I have two younger brothers, Max and Josh. Max is 19 and Josh is 16. They were diagnosed as autistic when I was really young – so it’s the norm for me. They’re both non-verbal autistic… basically, they can’t speak (or won’t speak), can’t shave, can’t drive, can’t cook… they’re not just non-verbal autistic, they’re disabled and they always will be.
I’m Molly (their sister) and I’m 22. I’ve got three tattoos, an equals sign on my tit (‘cause feminism), one half of the McDonalds logo on my ankle and a Jigsaw piece on my wrist. It’s the national symbol of autism – a Jigsaw piece.
As I said, it’s always been normal for me really. It wasn’t until I moved out that I realised other people could speak to their siblings. I mean, that sounds stupid – obviously I knew people could speak to their siblings, I just never witnessed it I guess. Moments of realisations like this were (and I guess are) the only times I feel a bit detached from Max and Josh. I mean, it’s hard for me to form a connection with my brothers, a ‘normal’ connection, anyway. Then we started this show. What began as a conversation to a mate about my brothers, turned into a process that I never realised was needed. But having weeks to discuss their behaviours, their mannerisms and their differences helped me feel closer to them. And hopefully, it helps those watching realise that disability inclusiveness is still an issue.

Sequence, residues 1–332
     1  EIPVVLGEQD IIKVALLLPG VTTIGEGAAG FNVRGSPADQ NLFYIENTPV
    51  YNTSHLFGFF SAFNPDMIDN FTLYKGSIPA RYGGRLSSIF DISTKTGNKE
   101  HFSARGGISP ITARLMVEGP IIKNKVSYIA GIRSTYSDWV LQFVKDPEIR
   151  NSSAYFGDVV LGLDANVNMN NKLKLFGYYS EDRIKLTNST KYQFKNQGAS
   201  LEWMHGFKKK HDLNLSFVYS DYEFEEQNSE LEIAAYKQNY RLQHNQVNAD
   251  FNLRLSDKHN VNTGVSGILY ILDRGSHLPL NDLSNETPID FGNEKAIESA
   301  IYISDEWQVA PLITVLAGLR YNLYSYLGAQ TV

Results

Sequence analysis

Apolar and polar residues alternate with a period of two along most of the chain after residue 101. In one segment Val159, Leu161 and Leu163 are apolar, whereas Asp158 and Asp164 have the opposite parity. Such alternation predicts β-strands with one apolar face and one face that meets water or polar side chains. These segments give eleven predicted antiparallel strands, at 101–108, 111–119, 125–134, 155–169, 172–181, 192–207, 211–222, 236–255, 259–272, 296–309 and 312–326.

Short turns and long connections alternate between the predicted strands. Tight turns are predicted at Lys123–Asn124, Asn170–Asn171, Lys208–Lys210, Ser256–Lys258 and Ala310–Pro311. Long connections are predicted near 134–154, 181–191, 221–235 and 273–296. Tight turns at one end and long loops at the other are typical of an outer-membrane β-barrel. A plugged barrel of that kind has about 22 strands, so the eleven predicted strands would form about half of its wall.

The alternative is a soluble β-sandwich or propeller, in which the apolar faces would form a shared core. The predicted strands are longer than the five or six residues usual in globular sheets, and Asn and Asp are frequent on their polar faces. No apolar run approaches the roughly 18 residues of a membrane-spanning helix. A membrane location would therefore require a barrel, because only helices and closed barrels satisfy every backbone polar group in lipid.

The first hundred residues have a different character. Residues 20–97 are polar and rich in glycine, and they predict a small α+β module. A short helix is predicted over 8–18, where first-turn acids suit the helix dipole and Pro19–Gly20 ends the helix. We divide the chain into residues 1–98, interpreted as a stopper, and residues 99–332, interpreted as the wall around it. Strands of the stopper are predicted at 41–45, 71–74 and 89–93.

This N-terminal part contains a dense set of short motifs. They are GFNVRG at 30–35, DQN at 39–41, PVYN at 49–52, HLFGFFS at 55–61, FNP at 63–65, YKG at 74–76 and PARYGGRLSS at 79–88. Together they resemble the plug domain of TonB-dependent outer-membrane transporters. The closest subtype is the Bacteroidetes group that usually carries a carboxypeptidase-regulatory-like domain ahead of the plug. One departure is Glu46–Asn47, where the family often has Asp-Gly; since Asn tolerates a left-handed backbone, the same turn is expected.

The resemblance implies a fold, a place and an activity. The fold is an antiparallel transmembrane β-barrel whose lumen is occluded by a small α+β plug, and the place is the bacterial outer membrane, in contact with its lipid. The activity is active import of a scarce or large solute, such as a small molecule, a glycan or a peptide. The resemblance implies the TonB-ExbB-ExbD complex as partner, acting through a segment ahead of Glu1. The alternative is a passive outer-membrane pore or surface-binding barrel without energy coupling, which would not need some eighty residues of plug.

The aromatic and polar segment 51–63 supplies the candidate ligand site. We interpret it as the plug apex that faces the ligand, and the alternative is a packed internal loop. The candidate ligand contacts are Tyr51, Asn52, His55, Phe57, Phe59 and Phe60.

We can never know how Max and Josh feel or what they really want to say. But we can imagine. The world-wide pandemic of Covid-19 has left the world worried and frightened. People are struggling to cope with the change in routine and the obsessive hand washing and cleaning. That’s how I imagine someone on the autistic spectrum might feel day-to-day.
I’m grateful for Max and Josh. I want to tell them that I love them. I’m just figuring out how to do that still.
@noffmag / firstname.lastname@example.org